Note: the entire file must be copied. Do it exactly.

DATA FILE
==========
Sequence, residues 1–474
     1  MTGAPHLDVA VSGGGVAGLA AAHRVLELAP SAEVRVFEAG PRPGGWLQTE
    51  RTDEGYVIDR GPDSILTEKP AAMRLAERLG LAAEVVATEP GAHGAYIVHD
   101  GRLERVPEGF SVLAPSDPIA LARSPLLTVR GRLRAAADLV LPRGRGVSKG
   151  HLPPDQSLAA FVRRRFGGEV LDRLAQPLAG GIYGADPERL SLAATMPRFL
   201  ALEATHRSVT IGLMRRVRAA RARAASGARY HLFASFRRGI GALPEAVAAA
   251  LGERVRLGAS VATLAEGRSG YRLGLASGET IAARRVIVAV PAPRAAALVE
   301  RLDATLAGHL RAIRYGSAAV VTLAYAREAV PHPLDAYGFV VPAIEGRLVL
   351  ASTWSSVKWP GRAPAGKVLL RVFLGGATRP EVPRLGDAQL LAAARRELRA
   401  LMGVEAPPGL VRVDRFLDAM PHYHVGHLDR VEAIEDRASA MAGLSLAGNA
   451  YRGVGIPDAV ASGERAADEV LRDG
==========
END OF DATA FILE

Sequence, residues 1–474
     1  MTGAPHLDVA VSGGGVAGLA AAHRVLELAP SAEVRVFEAG PRPGGWLQTE
    51  RTDEGYVIDR GPDSILTEKP AAMRLAERLG LAAEVVATEP GAHGAYIVHD
   101  GRLERVPEGF SVLAPSDPIA LARSPLLTVR GRLRAAADLV LPRGRGVSKG
   151  HLPPDQSLAA FVRRRFGGEV LDRLAQPLAG GIYGADPERL SLAATMPRFL
   201  ALEATHRSVT IGLMRRVRAA RARAASGARY HLFASFRRGI GALPEAVAAA
   251  LGERVRLGAS VATLAEGRSG YRLGLASGET IAARRVIVAV PAPRAAALVE
   301  RLDATLAGHL RAIRYGSAAV VTLAYAREAV PHPLDAYGFV VPAIEGRLVL
   351  ASTWSSVKWP GRAPAGKVLL RVFLGGATRP EVPRLGDAQL LAAARRELRA
   401  LMGVEAPPGL VRVDRFLDAM PHYHVGHLDR VEAIEDRASA MAGLSLAGNA
   451  YRGVGIPDAV ASGERAADEV LRDG